The History Of The Speed Six
The Speed Six became the most successful racing Bentley in history, as a high-performance version of the 6½ Litre, and won Le Mans in 1929 and 1930 at the hands of Woolf Barnato, Sir Henry ‘Tim’ Birkin and Glen Kidston.
W.O. Bentley believed that the best way to increase power was to increase capacity, as opposed to Tim Birkin’s faith in supercharging. He therefore developed a new, larger engine to succeed the 4½-litre. With a bore of 100 mm and a stroke of 140 mm, his new straight six had a capacity of almost 6.6 litres. In base form, with a single Smiths five-jet carburettor, twin magnetos and a compression ratio of 4.4:1, the 6½ Litre delivered 147 bhp at 3500 rpm. 362 examples were built at Bentley’s factory in Cricklewood, North London, on a variety of chassis of different lengths depending on the body style requirements of individual customers.
The Speed Six chassis was introduced in 1928 as a more sporting version of the 6½ Litre. The engine was modified to liberate more power, with twin SU carburettors, a higher compression ratio and a high-performance camshaft, responsible for an increase to 180 bhp. The Speed Six chassis was available to customers with wheelbases of 138 inches (3,505 mm), 140.5 inches (3,569 mm), and 152.5 inches (3,874 mm), with the short chassis being the most popular. 182 Speed Six models were built between 1928 and 1930, and the factory race cars were built on a 134 inch (11’2”) chassis frame.
The racing version of the Speed Six had a further-developed engine running a compression ratio of 6.1:1 and producing 200 bhp. Two wins at Le Mans in 1929 and 1930 cemented the Speed Six’s place in Bentley history, with the 1929 victory setting a new benchmark for dominance at the race. Driven by Woolf Barnato and Sir Henry ‘Tim’ Birkin, a Speed Six led from the first lap until the chequered flag, followed by a procession of three other Bentleys. A new lap record of 7:21 had been set by Birkin, taking 46 seconds off the previous best and requiring an average speed of 83 mph, and in covering a 2,844 km distance, a further record was also attained. Such a dominant performance by one manufacturer was not seen again at Le Mans for nearly 30 years.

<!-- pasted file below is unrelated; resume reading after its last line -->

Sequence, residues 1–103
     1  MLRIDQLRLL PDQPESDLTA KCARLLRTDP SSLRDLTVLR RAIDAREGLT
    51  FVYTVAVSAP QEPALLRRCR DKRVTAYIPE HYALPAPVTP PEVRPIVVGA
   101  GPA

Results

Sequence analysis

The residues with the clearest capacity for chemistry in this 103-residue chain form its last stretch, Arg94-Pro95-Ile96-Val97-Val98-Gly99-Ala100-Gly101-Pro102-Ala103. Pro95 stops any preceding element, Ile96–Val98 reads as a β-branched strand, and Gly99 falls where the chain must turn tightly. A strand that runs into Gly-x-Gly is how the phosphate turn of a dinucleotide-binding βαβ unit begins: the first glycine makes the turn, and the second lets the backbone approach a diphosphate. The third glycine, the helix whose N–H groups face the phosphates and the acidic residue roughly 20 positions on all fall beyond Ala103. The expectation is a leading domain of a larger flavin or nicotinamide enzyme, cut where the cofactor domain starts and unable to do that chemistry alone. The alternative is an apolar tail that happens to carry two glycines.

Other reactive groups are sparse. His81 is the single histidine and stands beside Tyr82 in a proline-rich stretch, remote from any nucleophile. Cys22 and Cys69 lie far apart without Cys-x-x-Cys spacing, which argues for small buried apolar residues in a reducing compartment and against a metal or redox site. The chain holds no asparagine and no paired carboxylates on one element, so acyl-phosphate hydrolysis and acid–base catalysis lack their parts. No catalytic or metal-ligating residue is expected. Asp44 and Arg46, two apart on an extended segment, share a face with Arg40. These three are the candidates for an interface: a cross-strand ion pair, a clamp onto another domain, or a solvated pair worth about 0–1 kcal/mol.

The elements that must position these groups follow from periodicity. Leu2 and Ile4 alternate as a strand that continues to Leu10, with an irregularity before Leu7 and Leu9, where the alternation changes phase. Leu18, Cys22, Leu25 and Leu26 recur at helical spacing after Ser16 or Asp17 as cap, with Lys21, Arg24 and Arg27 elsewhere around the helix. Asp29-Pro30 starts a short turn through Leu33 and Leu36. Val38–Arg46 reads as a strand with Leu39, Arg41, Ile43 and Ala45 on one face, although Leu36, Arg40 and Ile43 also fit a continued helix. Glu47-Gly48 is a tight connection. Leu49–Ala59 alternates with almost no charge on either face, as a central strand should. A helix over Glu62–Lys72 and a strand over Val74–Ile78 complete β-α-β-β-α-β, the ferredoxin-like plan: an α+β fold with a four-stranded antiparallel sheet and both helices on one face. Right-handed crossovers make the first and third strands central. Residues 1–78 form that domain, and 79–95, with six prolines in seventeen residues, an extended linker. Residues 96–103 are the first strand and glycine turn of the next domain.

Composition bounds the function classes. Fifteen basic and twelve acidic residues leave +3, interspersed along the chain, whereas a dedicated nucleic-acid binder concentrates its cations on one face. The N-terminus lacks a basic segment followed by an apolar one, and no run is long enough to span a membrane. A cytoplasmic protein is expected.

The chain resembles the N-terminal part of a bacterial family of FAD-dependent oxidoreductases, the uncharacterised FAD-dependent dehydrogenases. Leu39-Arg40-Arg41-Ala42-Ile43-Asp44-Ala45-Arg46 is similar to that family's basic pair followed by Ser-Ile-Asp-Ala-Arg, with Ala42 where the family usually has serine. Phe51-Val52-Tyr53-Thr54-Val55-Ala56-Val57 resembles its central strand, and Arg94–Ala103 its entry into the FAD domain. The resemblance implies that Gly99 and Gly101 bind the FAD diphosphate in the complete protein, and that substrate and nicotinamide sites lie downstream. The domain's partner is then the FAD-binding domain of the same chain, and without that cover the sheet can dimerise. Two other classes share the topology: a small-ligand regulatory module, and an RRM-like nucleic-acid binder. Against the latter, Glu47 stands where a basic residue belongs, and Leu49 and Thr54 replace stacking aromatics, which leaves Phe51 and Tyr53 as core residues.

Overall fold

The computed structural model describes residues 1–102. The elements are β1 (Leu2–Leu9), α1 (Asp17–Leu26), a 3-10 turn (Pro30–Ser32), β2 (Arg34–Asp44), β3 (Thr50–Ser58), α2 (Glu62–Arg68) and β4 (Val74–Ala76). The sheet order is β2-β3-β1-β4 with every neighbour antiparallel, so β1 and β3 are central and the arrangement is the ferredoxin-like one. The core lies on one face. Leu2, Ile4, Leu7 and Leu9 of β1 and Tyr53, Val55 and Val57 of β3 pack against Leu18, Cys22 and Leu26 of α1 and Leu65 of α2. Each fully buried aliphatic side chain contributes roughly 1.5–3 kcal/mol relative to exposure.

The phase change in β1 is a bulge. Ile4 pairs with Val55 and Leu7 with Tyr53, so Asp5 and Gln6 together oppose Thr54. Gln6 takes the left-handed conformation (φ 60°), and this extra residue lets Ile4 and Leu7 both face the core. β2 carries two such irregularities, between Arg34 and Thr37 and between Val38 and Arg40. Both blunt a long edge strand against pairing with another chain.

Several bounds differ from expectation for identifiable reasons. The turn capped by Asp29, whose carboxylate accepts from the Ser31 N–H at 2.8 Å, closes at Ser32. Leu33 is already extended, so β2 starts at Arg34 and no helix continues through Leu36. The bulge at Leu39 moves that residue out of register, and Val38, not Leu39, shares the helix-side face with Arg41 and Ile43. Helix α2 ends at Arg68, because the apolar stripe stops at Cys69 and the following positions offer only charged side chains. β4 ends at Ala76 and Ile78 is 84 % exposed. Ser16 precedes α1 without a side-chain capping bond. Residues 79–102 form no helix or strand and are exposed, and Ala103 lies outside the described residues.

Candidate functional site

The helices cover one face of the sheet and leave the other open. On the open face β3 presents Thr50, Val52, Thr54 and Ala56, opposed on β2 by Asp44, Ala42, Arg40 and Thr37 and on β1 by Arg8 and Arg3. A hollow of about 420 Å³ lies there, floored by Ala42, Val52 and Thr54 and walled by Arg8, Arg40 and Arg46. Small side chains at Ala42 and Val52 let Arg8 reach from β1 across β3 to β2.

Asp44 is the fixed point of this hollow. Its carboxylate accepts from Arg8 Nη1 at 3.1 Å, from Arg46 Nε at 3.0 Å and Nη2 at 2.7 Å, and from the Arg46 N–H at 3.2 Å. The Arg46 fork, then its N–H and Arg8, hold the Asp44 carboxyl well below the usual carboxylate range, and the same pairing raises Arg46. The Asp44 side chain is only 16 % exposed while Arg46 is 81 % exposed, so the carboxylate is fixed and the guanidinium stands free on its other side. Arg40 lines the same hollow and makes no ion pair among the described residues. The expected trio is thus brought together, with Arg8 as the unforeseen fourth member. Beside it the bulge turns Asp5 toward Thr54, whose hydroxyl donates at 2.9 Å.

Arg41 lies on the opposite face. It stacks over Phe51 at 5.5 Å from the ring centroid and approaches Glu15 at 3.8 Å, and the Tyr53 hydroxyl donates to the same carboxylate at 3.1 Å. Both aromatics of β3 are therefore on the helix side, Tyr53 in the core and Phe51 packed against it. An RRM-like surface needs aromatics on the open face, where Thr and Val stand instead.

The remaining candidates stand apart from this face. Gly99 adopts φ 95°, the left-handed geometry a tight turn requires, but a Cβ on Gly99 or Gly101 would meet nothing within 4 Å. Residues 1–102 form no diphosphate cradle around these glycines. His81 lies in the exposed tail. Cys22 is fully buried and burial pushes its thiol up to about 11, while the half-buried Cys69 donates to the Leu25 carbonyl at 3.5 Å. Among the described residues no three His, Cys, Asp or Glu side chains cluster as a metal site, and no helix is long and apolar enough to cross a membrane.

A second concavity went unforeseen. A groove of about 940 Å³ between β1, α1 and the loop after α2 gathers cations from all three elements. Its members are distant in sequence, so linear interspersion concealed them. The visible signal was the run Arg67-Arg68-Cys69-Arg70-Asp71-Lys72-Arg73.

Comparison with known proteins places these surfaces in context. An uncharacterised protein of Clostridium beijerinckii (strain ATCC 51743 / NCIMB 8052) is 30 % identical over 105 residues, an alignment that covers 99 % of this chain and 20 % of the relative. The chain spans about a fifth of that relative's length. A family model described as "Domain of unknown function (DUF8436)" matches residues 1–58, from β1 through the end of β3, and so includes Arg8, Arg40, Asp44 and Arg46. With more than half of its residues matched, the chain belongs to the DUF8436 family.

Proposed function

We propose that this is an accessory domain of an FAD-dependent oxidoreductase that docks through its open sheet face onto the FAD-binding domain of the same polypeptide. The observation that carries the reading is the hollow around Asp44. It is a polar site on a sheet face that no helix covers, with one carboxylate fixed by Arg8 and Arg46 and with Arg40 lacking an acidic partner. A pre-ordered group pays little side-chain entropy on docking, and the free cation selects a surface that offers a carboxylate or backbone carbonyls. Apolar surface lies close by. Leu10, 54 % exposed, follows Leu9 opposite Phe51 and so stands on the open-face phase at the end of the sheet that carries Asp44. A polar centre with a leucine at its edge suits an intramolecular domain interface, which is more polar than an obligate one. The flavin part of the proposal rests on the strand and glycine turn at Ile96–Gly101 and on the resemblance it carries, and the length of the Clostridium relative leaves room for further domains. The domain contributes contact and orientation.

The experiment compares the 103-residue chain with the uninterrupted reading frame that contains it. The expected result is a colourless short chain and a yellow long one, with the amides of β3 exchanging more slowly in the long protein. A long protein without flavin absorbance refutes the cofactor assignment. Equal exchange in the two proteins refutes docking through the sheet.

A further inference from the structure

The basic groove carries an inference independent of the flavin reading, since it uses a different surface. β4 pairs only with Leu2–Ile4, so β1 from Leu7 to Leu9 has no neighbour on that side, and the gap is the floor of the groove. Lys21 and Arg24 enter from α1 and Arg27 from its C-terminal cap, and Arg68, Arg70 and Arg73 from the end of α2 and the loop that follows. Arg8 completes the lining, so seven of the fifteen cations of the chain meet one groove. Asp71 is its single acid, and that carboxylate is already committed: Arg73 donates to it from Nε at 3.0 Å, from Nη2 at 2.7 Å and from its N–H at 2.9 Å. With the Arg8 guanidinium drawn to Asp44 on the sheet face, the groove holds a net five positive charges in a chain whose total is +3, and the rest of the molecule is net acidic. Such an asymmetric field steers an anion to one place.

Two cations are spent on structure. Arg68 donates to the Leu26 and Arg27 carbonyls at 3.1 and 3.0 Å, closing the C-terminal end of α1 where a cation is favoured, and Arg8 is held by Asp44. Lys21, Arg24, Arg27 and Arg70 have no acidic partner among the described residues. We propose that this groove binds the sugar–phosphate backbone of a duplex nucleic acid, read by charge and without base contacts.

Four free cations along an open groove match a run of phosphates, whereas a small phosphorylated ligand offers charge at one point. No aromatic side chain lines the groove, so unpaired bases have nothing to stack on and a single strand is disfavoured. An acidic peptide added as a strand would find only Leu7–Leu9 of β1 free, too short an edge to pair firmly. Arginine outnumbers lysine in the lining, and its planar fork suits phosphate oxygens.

Real Life Endurance
Speed Six Car Zero, which will be displayed at this year’s Goodwood Festival of Speed, will show further instrumentation that will not be fitted to customer cars. This has been added to the car to support the validation process and record many different aspects of data during the next six months.
With the build of Car Zero now complete, a programme of real-world durability testing will begin. The test programme is designed to achieve the equivalent of 35,000 kilometres of real-world driving across 8,000 kilometres of track driving. Intervals of gradually increasing duration and speed will check functionality and durability under the most challenging conditions; giving confidence in future customer cars.
The first customer car will start build in October of this year, and the series of 12 customer cars is due to be completed by the end of 2025, with each car taking 10 months to complete.